P.S. we uploaded a blank paper for now. If the abstract is interesting enough we will draw up a final paper.

jDMN: An execution engine for DMN in Java

ABSTRACT. The Decision Modeling and Notation (DMN) is a modeling language for decisions. DMN is an industry standard maintained by OMG. Successful Domain Specific Languages (DSLs) must be simple, easy to understand and use, with a higher level of abstraction and supported by a mature language workbench (e.g. editors and executions engines).

This paper presents jDMN an open-source execution engine for DMN implemented in Java. The attendees will have the opportunity to understand the internals of jDMN and the benefits of adopting DMN based solutions and executing them in jDMN.

jDMN provides support for DMN models validation, transformation, evaluation or translation to Java followed by an execution on JVM. The provided framework is flexible and configurable. For example, the users can define their own DMN transformers, validators and translators.

A jDMN dialect is a collection of certain DMN features, for example the built-in library and the mapping of the FEEL types to native types. The main purpose of a jDMN dialect is to be able to support DMN features variation. The jDMN dialects are organized as a taxonomy. jDMN supports several dialects, for example Signavio and Java 8 dialects. The framework is extensible, for example users can define their own dialect and execute DMN models accordingly.

Several code generation optimizations supported by jDMN such as: tree and DAG models execution, linked decisions and lazy evaluation for sparse decision tables are also presented.

Process discovery technique of decision-making in sales activity: Process mining based approach

ABSTRACT. In decision making on sales activities, the dependence on individual skills becomes a problem, as human judgment from past experiences play a primary role. It is important to visualize the regularity between decision-making processes and their outcomes to support sales staff and enhance sales activities. To solve this problem, we are developing a business decision support system using a machine learning model. For that, it is necessary to learn the process of sales activities with high probability of obtaining orders; therefore, the technology of process discovery that extracts regularity from the decision-making process is essential. However,it is difficult to apply the process discovery method of conventional process mining in the decision making process of sales activities,because the rules are not known in advance and the input information is unstructured data, such as business diaries. In this study, we provide an activity estimation system based on unstructured data, and a process discovery method for stochastic expression of regularity in an atypical process.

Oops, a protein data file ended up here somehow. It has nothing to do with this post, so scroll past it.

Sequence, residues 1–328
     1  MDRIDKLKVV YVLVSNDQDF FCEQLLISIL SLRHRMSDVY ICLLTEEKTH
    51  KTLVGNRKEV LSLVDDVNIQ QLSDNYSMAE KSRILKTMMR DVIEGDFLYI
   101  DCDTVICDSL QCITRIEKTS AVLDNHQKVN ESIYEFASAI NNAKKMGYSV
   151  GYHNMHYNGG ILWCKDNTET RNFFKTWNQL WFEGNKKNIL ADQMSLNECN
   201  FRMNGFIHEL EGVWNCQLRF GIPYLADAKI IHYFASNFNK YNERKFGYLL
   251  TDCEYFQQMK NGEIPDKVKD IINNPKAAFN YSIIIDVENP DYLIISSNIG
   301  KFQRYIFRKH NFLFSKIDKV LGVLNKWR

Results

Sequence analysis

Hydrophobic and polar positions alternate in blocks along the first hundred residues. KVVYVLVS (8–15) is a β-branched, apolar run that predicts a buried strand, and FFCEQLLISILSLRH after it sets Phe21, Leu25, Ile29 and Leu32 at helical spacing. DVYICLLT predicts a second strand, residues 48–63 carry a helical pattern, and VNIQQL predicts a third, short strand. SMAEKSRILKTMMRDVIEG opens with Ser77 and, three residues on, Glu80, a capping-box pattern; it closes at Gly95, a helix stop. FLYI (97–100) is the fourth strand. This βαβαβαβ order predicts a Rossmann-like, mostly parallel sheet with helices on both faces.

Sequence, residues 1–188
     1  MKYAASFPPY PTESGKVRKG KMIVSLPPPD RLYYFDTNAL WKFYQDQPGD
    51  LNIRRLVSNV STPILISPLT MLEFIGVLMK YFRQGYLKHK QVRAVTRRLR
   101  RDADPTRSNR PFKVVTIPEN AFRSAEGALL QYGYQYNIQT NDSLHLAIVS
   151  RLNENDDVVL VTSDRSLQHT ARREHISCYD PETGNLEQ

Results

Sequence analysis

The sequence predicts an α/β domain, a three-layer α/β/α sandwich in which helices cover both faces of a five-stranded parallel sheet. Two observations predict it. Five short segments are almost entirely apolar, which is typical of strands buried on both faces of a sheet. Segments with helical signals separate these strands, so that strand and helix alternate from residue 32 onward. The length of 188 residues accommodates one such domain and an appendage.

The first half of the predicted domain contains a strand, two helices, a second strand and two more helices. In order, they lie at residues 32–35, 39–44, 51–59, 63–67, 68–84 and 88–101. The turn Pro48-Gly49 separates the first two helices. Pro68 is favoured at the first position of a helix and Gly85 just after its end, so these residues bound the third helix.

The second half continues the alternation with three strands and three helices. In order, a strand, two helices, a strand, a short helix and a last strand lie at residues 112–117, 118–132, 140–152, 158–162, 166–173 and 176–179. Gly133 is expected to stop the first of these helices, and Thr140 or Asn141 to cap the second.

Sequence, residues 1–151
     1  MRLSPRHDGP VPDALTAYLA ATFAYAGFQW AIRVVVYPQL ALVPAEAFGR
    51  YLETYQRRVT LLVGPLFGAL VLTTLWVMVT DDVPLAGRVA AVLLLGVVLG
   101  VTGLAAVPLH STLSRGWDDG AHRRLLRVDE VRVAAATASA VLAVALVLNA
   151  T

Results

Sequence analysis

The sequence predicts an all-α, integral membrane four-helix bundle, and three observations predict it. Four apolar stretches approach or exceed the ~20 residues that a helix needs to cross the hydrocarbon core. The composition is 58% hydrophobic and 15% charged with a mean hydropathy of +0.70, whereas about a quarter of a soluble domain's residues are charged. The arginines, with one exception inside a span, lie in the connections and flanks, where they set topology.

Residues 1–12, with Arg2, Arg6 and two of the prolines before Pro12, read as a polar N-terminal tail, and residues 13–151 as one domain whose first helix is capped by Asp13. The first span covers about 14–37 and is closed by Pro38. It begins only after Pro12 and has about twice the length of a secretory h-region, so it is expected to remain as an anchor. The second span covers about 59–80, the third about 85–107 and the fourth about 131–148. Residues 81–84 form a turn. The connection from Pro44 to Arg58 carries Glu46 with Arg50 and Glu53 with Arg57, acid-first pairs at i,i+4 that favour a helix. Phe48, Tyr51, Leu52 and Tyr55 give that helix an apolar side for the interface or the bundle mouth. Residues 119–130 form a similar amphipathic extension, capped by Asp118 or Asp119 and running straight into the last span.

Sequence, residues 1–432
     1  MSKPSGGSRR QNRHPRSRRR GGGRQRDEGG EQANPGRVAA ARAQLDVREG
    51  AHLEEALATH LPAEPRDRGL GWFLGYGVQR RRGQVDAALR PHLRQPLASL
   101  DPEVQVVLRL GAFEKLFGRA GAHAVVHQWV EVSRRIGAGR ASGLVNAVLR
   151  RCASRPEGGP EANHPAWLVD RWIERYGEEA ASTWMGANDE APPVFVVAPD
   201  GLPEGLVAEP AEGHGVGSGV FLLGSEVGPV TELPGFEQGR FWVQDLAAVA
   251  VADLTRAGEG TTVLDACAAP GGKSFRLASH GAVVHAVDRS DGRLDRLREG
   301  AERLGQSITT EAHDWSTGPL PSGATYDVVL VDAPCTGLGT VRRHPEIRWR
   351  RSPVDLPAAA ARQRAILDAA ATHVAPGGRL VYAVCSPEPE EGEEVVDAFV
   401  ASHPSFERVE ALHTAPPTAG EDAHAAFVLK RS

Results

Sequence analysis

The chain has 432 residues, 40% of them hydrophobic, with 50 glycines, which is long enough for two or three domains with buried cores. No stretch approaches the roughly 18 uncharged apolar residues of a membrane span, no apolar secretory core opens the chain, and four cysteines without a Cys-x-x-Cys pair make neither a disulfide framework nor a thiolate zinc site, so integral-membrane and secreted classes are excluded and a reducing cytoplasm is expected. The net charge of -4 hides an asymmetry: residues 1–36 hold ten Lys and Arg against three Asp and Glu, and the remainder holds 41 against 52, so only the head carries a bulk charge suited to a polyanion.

16:00-17:30 Session 7A: Monday afternoon second session (GCAI)
Location: MSA 4.530
Iterative Planning for Deterministic QDec-POMDPs

ABSTRACT. QDec-POMDPs are a qualitative alternative to stochastic Dec-POMDPs for goal-oriented planning in cooperative partially observable multi-agent environments. Although QDec-POMDPs share the same worst case complexity as Dec-POMDPs, previous research has shown an ability to scale up to larger domains while producing high quality plan trees. A key difficulty in distributed execution is the need to construct a joint plan tree branching on the combinations of observations of all agents. In this work, we suggest an iterative algorithm, IMAP, that plans for one agent at a time, while taking into considerations collaboration constraints about action execution of previous agents, and generating new constraints for the next agents. We explain how these constraints are generated and handled, and a backtracking mechanism for changing constraints that cannot be met. We provide experimental results on multi-agent planning domains, showing our methods to scale to much larger problems with several collaborating agents and huge state spaces.

Computing minimal subsumption modules of ELHr terminologies

ABSTRACT. In the paper we study algorithms for computing modules that are minimal w.r.t. set inclusion and that preserve the entailment of all ELHr-subsumptions over a signature of interest. We follow the black-box approach for finding one or all justifications by replacing the entailment tests with logical difference checks, obtaining modules that preserve not only a given consequence but all entailments over a signature. Such minimal modules can serve to improve our understanding of the internal structure of large and complex ontologies. Additionally, several optimisations for speeding up the computation of minimal modules are investigated. We present an experimental evaluation of an implementation of our algorithms by applying them on the medical ontologies Snomed CT and NCIt.